Evaluation of Children with Reading Difficulties



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Am Fam Physician. 2006 Dec 15;74(12):2079-2086.

ACF  This article exemplifies the AAFP 2006 Annual Clinical Focus on caring for children and adolescents.

Reading difficulties are common and are associated with poor long-term academic achievement. Evaluation of a child’s developmental, educational, and family histories in conjunction with standardized screening tests (e.g., Ages and Stages Questionnaires, Parents’ Evaluation of Developmental Status, Safety Word Inventory and Literacy Screener) can increase recognition of risk factors for reading difficulties. Validated, office-based, standardized screening tests and school-administered standardized achievement tests (e.g., California Achievement Tests, Iowa Tests of Basic Skills, Metropolitan Achievement Tests, Stanford Achievement Test) can be used to assess school-age children with reading difficulties. Reading difficulties in children often are caused by environmental and organic risk factors. However, many children have reading or learning disabilities and will have lifelong difficulties with reading despite adequate intervention. Children with substantial reading difficulties should receive a full educational assessment. There is good evidence that individualized instruction emphasizing increased phonologic awareness can have a favorable long-term effect on academic achievement.

At least one in five children has significant difficulty learning to read.1 Evidence clearly demonstrates that most school-age children with reading difficulties fail to catch up with their peers.2 Although most of these children eventually become literate, many continue to have reading difficulties and never become fluent readers. Early development of reading skills is essential, and efforts should be made to identify children with reading disabilities and implement interventions at an early age.3,4 A child’s third-grade reading ability is reasonably predictive of overall long-term academic achievement.5 Seventy-five percent of children with reading disabilities who are not identified before the third grade continue to have reading disabilities in the ninth grade, and fewer than 2 percent go on to participate in a four-year educational program after high school.1

SORT: KEY RECOMMENDATIONS FOR PRACTICE

Clinical recommendation Evidence rating References

Efforts should be made to identify children with reading disabilities and to implement interventions at an early age.

C

3,4

Children with problems in school performance should be evaluated for reading difficulties.

C

3,4

Children with reading difficulties should receive individualized instruction emphasizing phonologic awareness.

B

1,12


A = consistent, good-quality patient-oriented evidence; B = inconsistent or limited-quality patient-oriented evidence; C = consensus, disease-oriented evidence, usual practice, expert opinion, or case series. For information about the SORT evidence rating system, see page 2008 or http://www.aafp.org/afpsort.xml.

SORT: KEY RECOMMENDATIONS FOR PRACTICE

View Table

SORT: KEY RECOMMENDATIONS FOR PRACTICE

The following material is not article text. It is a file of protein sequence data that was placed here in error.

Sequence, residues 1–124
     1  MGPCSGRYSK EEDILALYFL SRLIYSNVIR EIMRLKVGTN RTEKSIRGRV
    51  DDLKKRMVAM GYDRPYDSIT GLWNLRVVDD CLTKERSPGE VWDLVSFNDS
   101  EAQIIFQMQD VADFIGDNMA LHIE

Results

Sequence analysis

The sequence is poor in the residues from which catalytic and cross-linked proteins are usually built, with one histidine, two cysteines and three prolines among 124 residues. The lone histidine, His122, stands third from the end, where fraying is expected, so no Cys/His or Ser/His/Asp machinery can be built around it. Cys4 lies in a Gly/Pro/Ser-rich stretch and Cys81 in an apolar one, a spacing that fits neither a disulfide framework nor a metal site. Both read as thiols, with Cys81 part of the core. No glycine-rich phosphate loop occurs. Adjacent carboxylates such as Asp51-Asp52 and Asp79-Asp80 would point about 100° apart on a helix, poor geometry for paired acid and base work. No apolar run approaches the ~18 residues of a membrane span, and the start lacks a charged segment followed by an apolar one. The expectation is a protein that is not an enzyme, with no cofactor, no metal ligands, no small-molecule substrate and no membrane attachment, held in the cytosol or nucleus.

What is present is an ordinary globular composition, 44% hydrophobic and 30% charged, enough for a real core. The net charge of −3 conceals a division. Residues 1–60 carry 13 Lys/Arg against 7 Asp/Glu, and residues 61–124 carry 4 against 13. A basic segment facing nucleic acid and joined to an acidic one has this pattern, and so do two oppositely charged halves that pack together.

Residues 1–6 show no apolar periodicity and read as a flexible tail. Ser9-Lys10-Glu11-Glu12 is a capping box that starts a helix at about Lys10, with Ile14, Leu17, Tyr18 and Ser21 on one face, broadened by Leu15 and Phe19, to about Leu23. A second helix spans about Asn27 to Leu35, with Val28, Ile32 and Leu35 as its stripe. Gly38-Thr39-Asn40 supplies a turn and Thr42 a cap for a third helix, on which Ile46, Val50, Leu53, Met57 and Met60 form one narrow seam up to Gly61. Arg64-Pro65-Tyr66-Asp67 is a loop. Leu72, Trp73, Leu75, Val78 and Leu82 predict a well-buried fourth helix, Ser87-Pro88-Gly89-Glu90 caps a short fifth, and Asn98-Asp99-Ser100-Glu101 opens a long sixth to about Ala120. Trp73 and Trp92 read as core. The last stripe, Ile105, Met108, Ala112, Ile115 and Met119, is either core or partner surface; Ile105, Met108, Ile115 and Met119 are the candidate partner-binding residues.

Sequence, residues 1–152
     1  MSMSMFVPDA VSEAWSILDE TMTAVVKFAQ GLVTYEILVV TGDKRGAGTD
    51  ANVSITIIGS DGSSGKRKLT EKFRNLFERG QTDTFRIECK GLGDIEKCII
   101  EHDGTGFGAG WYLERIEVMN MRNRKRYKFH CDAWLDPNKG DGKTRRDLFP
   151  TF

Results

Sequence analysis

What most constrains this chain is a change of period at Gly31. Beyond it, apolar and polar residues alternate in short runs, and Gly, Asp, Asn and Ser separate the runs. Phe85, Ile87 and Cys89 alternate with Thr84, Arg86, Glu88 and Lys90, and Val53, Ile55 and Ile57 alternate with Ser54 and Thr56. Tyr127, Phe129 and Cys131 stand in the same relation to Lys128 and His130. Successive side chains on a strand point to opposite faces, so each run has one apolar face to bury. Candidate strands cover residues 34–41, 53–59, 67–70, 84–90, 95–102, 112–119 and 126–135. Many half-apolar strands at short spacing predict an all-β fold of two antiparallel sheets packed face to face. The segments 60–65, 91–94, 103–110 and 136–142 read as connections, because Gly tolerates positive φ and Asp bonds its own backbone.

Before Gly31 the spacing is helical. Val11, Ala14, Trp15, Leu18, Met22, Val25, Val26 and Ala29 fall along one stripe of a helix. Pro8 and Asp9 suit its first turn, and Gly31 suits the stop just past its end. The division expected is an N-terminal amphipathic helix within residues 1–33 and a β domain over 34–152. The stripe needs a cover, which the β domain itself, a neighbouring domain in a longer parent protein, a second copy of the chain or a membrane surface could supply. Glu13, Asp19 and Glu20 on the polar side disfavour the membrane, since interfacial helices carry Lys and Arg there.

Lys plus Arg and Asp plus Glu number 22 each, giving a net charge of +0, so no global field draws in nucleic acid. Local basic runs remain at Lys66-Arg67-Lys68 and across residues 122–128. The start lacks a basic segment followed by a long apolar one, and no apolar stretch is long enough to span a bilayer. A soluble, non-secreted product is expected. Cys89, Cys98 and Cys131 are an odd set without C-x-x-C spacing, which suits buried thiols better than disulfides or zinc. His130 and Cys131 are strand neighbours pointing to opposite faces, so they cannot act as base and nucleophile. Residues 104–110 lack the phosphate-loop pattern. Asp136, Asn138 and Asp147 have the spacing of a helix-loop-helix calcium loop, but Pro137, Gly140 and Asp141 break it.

Clinical recommendation Evidence rating References

Efforts should be made to identify children with reading disabilities and to implement interventions at an early age.

C

3,4

Children with problems in school performance should be evaluated for reading difficulties.

C

3,4

Children with reading difficulties should receive individualized instruction emphasizing phonologic awareness.

B

1,12


A = consistent, good-quality patient-oriented evidence; B = inconsistent or limited-quality patient-oriented evidence; C = consensus, disease-oriented evidence, usual practice, expert opinion, or case series. For information about the SORT evidence rating system, see page 2008 or http://www.aafp.org/afpsort.xml.

Because children with reading difficulties often perform poorly in other areas of school, parents and teachers may not identify reading as the source. Therefore, children who have problems with school performance in any area should be assessed for reading difficulties.3,4  Table 16 lists warning signs that may indicate a child is having problems in school.

TABLE 1

Parents’ Concerns That Are Warning Signs of School Problems

• Inconsistent performance/does better one-to-one

• Poor retention of information/has been retained

• Excessive parental involvement in homework/takes too long to complete homework

• Loss of self-esteem

• Dropping grades

• Does less well on tests than homework

• Short attention span/hyperactivity

• History of speech-language problems, therapy, otitis media with fluctuating hearing loss

• Frequent school absences

• Previously tested but not eligible for special education

• Hates school/school phobic/psychosomatic symptoms

• Hides school work/lies about assignments/loses homework repeatedly

• Trouble with letter sounds or letter naming


Reprinted with permission from Glascoe FP, Robertshaw NS. PEDS: Developmental Milestones Professional’s Manual [In press]. Nashville, Tenn.: Ellsworth & Vandermeer Press, 2007:90.

TABLE 1   Parents’ Concerns That Are Warning Signs of School Problems

View Table

TABLE 1

Parents’ Concerns That Are Warning Signs of School Problems

• Inconsistent performance/does better one-to-one

• Poor retention of information/has been retained

• Excessive parental involvement in homework/takes too long to complete homework

• Loss of self-esteem

• Dropping grades

• Does less well on tests than homework

• Short attention span/hyperactivity

• History of speech-language problems, therapy, otitis media with fluctuating hearing loss

• Frequent school absences

• Previously tested but not eligible for special education

• Hates school/school phobic/psychosomatic symptoms

• Hides school work/lies about assignments/loses homework repeatedly

• Trouble with letter sounds or letter naming


Reprinted with permission from Glascoe FP, Robertshaw NS. PEDS: Developmental Milestones Professional’s Manual [In press]. Nashville, Tenn.: Ellsworth & Vandermeer Press, 2007:90.

Prevalence

The 2003 National Assessment of Educational Progress showed that 37 percent of U.S. fourth graders read below a basic proficiency level, and only 31 percent read with enough proficiency to draw inferential and literal meaning from text.7 Reading difficulties are more common in boys than in girls and are substantially more common in minority children and those who qualify for free or reduced-price lunch programs.7